Padmaavat review: A not-so-historical masterpiece

Ranveer Singh and Deepika Padukone-starrer Padmaavat has been the center of controversy for months now. While India’s right-wing nationalists riled up to save the honor and dignity of queen Padmavati’s image, now that the film has released, it’s the Muslim community which feels offended at the portrayal of Alauddin Khilji as a heartless, cold-blooded, warheaded Sultan.

Many people call out Padmaavat for misrepresenting Muslims or historical inaccuracies. But when you go watch the film, one thing you need to remember is that it’s based on Malik Muhammad Jayasi’s 16th century epic poem of the same title. While you eat your nachos and sip on your juice, remember: at no point in the film does filmmaker Sanjay Leela Bhansali claim it to be a documentary or a perfect representation of history.

Of course, when one is dealing with a large subject involving socio-political and cultural climate of the bygone era. However, the film isn’t supposed to be a history lesson, but rather a visual portrait of a fictitious epic poem.

Padmaavat revolves around Padmavati (Deepika), the princess of Singhal kingdom known for her extraordinary beauty, who becomes the wife of Ratan Sen (Shahid Kapoor), the Rajput ruler of Chittor. After a deceitful Brahmin is exiled, he exacts revenge by telling Khilji (Ranveer Singh) about the divine beauty of Padmavati and riling him up to attack Chittor.

But how dare Bhansali show Khilji, a Mulims ruler, as a warmonger who would attack a fort to capture a Hindu wife? It’s funny that those pointing fingers forget that the earliest historical proof of Padmavati’s existence is in the fictitious poem the film is based on. So, it’s more than likely that Padmavati didn’t exist (though this is still disputed). However, Khilji did raid Chittor in 1303 (two centuries before the poem was written) as he did countless other cities in search of loot and army and possessions.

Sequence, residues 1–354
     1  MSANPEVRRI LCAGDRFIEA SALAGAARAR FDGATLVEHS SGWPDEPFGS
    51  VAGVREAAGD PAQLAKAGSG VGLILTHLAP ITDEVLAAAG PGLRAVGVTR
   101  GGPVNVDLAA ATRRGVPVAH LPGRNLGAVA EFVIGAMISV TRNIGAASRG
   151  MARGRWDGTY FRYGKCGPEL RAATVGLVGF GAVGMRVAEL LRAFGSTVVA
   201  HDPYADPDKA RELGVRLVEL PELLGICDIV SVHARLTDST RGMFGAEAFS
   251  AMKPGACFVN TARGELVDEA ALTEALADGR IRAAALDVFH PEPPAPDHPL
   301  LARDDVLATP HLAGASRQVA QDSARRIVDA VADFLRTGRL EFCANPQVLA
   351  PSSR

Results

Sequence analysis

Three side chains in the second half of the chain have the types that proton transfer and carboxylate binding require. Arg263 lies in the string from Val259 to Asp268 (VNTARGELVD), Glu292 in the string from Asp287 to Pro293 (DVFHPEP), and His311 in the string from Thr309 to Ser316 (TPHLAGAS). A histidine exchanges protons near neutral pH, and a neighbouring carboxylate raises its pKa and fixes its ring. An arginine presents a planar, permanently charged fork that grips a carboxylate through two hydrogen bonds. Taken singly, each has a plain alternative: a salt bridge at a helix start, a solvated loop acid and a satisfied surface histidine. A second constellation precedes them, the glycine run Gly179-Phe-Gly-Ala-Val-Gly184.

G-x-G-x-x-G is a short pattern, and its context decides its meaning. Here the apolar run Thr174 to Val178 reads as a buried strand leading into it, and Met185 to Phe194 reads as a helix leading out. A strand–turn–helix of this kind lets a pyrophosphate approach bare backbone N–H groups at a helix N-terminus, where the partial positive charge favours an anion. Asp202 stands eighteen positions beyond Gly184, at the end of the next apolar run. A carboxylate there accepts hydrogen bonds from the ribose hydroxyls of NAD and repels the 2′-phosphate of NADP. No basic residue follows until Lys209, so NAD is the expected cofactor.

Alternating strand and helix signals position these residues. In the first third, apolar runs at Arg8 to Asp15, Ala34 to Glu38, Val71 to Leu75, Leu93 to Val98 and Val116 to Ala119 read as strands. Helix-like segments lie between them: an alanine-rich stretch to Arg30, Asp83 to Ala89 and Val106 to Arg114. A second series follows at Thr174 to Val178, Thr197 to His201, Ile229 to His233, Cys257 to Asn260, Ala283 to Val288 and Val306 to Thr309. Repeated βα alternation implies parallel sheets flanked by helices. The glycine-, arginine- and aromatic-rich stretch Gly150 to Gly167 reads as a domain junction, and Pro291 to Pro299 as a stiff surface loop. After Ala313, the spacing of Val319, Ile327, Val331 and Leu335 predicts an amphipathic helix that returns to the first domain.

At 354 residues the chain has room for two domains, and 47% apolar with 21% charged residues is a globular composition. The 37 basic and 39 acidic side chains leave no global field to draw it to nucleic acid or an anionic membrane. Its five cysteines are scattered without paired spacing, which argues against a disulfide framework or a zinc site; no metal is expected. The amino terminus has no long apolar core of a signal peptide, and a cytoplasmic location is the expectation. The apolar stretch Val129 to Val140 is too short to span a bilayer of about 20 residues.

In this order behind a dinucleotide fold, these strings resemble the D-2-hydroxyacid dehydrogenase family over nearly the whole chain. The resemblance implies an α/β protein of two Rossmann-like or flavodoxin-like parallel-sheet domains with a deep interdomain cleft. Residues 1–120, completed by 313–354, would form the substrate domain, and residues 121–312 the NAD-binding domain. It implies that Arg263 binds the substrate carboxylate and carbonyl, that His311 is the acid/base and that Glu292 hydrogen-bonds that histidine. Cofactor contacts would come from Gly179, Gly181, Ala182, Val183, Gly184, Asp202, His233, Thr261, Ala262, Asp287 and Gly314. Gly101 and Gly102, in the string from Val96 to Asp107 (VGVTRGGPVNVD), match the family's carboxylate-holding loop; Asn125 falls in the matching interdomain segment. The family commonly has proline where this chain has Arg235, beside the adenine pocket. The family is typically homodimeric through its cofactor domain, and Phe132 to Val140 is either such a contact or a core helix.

Padmaavat, therefore, doesn’t set up false expectations and then disappoint. It merely narrates an epic tale of war and love and beauty and madness. It’s not the filmmaker who fiddles with history, but the critics of the film.

But once you step into the world of the film without any preconceived notions, you are in for a ride full of perfect storytelling, grand sets and costumes, and memorable performances. There could not have been a better choice for Padmatavi than Deepika. She embodies her character with so much ease and grace. While Padmavati was known for her beauty, she was also a strong-willed protector of the realm and had good command at war strategy. The actress’ effortless portrayal of the queen shows shades of all her emotions: she stands up for the kingdom when needed, supports the king in time of crisis, and shows restrained vulnerability and fear when he goes to war.

Ranveer shows his never-before-seen side as Khilji. Every expression, mannerism, and dialogue show his madness in full form. While many may dub him as the ‘Indian Khal Drogo’ (from Game of Thrones) as a criticism, it may actually be a compliment. He is a madman focused on possessing the ultimate, priceless beauty. He outshines the comparisons and criticism that the historical Khilji was a sane man who worked for social welfare and market reforms (he did it as a power move to maintain a large army under his control for raiding cities and collecting loot). The actor’s interpretation of the character brought out layers that perhaps not many other Bollywood actors would have done. For Ranveer’s Khilji carries a certain air of ruthless aggression, appropriately timed with his signature mischief; he is the master of controlled chaos and doesn’t lose sight of his goal.